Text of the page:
Take Five With Gini Wilson: The Duchess
Meet Gini Wilson: The Duchess:
Gini Wilson, known as The Duchess, is legendary in the Bay area as a brilliant jazz pianist, entertainer, and composer. Gini performs regularly at Jazz Festivals, well-known jazz clubs such as Jazz at Pearls, and Shanghai 1930 in San Francisco and Kuumbwa in Santa Cruz; in solo and with her groups. In many television and radio projects, concerts and interviews she is also noted for her irreverent sense of humor. Her nationally recognized concert group, The San Francisco ChamberJazz Quartet is well known for lyrical and innovative original jazz performances and notable CDs including SFCJQ and The Crossing Point.
Teachers and/or influences?
I was trained as a classical pianist and studied with some illustrious names such as Carlo Bussotti, and studied composition with the great innovator George Crumb. John Cage opened the door to serious improvisation. I defected from the classical world when I heard Miles Davis and Bill Evans, great influences. Current influences include everything from Horace Silver and McCoy Tyner to Wayne Shorter, Maria Schneider and Cedar Walton. Also Brazilian music, Piazzolla and world music.
I knew I wanted to be a musician when...
I always knew. When I was 18 months old I was trying to play the piano and my father took me off the bench- he said he never saw a child look so crushed. (he put me right back up there.) I performed in Radio City music hall for a show at the age of five. They awarded me with a doll- I thought that was a good gig to have.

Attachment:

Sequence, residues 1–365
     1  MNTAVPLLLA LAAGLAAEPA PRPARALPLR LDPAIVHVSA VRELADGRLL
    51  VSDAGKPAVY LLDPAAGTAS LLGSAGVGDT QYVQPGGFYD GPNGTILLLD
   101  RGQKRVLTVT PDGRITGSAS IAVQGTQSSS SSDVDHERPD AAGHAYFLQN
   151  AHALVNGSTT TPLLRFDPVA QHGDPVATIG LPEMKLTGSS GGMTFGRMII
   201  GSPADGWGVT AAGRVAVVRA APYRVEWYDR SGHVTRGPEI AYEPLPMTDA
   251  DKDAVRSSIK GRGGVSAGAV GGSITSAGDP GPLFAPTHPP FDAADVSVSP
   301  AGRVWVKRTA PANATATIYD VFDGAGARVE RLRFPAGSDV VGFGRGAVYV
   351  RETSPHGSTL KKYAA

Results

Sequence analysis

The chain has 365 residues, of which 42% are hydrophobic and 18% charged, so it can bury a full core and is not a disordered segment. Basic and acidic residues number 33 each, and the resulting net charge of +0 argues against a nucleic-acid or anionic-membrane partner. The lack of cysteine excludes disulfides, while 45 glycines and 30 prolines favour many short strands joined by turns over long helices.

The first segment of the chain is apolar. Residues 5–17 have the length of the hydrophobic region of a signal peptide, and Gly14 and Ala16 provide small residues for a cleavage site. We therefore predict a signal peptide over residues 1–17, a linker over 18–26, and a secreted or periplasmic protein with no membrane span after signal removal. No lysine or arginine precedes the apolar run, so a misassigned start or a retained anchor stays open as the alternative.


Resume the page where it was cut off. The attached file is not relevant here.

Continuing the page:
Your sound and approach to music:
My sound at its best is a compendium of the jazz and classical sounds I hear and want to express. I like music to have some real substance. The hook for me into jazz is improvisation, lyrical and expressive. I try to make every note meaningful and important. I love to compose and usually hear songs and themes in dreams or they just appear.
Your teaching approach:
I learn so much from my students ( mostly ages 12 and up)we study classical disciplines and techniques from Bach to Bartok (very important) They start learning 12 Bar Blues very early and also I encourage compositions. I have found most students want to improvise and are pretty good at it naturally. Several of my students have gone into music careers.
Your dream band:
My real dream band is my own fairly well known group, The San Francisco ChamberJazz Quartet, co-founded with Steve Heckman the notable reed master. Check out our CD SFCJQ with the guest artist Jackie Ryan. As a dream band in heaven: Paul McCandless, John Patitucci, and Terri Lyne Carrington (and Wayne Shorter, anyone??)
Road story: Your best or worst experience: